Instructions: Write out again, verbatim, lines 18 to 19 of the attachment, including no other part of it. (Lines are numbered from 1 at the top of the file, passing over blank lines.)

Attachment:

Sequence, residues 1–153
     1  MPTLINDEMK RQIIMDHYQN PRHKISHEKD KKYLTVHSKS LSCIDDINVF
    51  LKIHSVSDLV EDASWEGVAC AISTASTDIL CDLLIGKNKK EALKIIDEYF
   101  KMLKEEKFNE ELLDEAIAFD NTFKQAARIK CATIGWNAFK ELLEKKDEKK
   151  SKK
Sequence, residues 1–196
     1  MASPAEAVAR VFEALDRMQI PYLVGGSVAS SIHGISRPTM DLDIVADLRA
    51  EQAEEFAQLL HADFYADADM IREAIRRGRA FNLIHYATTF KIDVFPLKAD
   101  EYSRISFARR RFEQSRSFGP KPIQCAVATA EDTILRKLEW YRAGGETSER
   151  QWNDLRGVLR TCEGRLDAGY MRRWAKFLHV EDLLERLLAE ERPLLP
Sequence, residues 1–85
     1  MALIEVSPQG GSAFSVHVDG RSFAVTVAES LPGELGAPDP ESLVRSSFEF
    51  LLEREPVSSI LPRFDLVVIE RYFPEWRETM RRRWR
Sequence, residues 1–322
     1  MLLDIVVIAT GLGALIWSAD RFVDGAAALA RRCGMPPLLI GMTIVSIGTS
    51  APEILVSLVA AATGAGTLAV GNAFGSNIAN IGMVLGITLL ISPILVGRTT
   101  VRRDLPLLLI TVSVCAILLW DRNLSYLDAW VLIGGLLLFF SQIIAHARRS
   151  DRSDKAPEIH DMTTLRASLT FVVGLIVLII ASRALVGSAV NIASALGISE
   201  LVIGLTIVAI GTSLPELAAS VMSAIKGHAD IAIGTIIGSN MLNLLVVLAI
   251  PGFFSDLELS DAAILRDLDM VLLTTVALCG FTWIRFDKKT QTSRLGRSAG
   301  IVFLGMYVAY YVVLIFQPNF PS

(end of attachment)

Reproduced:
   151  DRSDKAPEIH DMTTLRASLT FVVGLIVLII ASRALVGSAV NIASALGISE
   201  LVIGLTIVAI GTSLPELAAS VMSAIKGHAD IAIGTIIGSN MLNLLVVLAI